One of the benefits of being on the gas grid is that people get use of the suppliers’ vulnerable customer register. What more can be done to ensure that those using other fuels can also see the benefits of being registered as vulnerable customers with their suppliers?
That is a very important point that the ministerial round table discussed in some detail. The issue is not just price but resilience of supply of heating oil over the winter months, particularly when there is bad weather. That is one of the reasons why we have the Buy Oil Early campaign. My hon. Friend is right: we need to work with the industry to make sure that customers who are off the gas grid and could be vulnerable are registered.
Nearly 1 million measures have been installed under ECO to date, but fewer than 1,500 of those were installed under the rural sub-obligation—just 0.1%. That means that off-grid customers who have contributed £153 million towards ECO from their energy bills have received measures worth just £600,000. Do the Government agree that they have failed those people and that ECO is not fit for purpose?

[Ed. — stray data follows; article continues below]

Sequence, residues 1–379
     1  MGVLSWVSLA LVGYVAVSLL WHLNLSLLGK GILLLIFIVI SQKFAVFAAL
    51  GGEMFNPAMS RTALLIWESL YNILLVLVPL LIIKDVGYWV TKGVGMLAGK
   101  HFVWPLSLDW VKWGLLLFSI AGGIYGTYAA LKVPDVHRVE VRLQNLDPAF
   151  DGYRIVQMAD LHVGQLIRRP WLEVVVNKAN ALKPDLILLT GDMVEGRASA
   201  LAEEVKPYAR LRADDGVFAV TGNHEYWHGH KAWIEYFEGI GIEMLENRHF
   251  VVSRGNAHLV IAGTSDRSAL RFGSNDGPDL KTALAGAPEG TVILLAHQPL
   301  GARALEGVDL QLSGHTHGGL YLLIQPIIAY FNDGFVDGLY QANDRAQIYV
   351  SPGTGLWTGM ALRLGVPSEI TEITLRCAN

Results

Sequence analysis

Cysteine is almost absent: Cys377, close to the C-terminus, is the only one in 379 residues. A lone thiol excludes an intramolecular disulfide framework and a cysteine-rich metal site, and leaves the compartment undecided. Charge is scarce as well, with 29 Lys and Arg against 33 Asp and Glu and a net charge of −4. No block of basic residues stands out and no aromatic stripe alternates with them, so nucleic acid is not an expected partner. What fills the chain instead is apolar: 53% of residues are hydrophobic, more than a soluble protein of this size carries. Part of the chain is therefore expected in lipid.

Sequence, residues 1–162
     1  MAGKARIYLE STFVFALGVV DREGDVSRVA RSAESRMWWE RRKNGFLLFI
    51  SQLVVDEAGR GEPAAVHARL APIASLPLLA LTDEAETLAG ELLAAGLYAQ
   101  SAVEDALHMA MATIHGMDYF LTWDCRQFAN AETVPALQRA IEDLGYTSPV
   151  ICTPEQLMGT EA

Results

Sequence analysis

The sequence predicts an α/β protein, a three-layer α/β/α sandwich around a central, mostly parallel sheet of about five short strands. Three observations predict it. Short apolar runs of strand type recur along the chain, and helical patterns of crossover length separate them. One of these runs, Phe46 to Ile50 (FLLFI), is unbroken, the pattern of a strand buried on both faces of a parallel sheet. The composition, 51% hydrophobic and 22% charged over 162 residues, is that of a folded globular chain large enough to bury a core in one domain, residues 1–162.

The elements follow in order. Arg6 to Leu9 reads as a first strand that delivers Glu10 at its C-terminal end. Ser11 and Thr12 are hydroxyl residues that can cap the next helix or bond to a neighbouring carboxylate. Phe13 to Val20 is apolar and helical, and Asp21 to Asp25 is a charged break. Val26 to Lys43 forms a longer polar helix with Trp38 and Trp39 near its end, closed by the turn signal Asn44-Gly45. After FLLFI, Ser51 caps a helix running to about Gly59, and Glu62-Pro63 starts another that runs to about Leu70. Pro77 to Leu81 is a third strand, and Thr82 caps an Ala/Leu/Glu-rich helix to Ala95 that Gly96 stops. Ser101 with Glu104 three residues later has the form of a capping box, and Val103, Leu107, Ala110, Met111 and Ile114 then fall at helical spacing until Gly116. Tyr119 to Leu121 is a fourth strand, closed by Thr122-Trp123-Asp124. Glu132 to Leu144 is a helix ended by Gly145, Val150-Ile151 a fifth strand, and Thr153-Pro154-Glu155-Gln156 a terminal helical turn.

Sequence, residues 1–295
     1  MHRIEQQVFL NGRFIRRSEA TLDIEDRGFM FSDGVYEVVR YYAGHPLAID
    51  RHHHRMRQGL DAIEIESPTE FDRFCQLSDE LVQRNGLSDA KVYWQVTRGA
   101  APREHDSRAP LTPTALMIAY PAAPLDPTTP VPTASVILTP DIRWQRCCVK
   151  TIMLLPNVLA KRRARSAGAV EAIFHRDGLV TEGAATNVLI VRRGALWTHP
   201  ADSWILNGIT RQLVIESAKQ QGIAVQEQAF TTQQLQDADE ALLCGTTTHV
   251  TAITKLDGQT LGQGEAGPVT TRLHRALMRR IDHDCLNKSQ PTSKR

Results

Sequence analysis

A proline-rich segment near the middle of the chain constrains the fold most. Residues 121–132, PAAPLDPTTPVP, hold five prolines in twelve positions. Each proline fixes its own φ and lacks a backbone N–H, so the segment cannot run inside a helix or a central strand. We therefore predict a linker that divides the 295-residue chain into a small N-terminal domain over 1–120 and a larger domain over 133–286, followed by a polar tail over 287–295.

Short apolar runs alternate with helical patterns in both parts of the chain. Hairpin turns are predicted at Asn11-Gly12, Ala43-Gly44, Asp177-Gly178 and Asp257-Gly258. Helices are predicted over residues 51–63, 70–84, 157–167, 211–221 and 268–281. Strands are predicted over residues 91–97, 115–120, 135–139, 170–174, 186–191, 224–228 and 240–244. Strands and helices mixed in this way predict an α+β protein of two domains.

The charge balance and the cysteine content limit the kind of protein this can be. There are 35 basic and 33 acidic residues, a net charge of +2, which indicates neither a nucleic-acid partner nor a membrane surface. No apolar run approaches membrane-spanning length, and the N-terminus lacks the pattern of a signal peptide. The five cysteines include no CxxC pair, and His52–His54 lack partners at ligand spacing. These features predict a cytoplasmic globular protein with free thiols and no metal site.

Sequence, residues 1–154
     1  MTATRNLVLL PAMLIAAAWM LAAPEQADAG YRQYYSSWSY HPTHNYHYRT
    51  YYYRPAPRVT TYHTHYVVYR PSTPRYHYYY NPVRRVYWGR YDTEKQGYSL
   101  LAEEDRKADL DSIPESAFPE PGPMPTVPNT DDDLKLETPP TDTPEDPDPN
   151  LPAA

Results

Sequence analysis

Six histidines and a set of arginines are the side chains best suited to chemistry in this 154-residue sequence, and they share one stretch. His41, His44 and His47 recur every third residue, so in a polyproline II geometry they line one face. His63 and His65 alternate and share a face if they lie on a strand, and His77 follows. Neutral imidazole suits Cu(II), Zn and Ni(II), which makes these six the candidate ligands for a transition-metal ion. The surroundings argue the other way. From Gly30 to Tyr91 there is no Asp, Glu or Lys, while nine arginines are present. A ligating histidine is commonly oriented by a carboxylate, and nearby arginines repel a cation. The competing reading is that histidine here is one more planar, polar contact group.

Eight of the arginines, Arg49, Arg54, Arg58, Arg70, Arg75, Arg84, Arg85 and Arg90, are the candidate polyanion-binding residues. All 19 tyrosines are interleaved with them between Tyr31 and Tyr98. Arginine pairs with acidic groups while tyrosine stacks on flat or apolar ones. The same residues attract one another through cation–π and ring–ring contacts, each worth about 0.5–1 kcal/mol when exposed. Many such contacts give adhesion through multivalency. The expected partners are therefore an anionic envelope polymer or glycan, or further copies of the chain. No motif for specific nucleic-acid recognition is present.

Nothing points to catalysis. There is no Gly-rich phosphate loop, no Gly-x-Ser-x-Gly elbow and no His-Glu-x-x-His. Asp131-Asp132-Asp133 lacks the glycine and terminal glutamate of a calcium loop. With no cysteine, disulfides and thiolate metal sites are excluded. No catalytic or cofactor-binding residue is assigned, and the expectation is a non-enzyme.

No. In fact, the Government have reformed ECO to address that issue. As I would have thought the hon. Gentleman would know, analysis of our ECO reforms, particularly in relation to the affordable warmth scheme to tackle the issue of the fuel poor in off-gas grid areas, shows that we expect to see a 30% delivery of affordable warmth measures in off-gas grid areas compared with just 2% previously.
We strongly support new nuclear as part of a balanced mix of energy supply. Hinkley Point C is paving the way, with three consortia now moving forward with plans to develop new reactors on a further four sites.
I thank the Minister for his answer. Clearly, after years of prevarication from Labour, at last the coalition Government are taking decisions on replacing our nuclear power stations which are going out of action. As part of the balanced programme that we desperately need, what further measures does he propose to ensure that we get more new nuclear power stations to replace those that are coming off-stream?
This is unusual for me, but I think my hon. Friend is being slightly unreasonable to Labour Members, because, under the former Prime Minister Tony Blair, they did take the decision to restart a nuclear programme. Of course, it was slow going at first, and we have accelerated it considerably. This summer’s decision, announced on 8 October, was a big step forward that has demonstrated to other potential investors that this market in the UK is now open. We have eight approved sites in total, four of which have projects that are at various stages of development. New nuclear will play an important part in our future energy mix, and I am glad that it has cross-party support.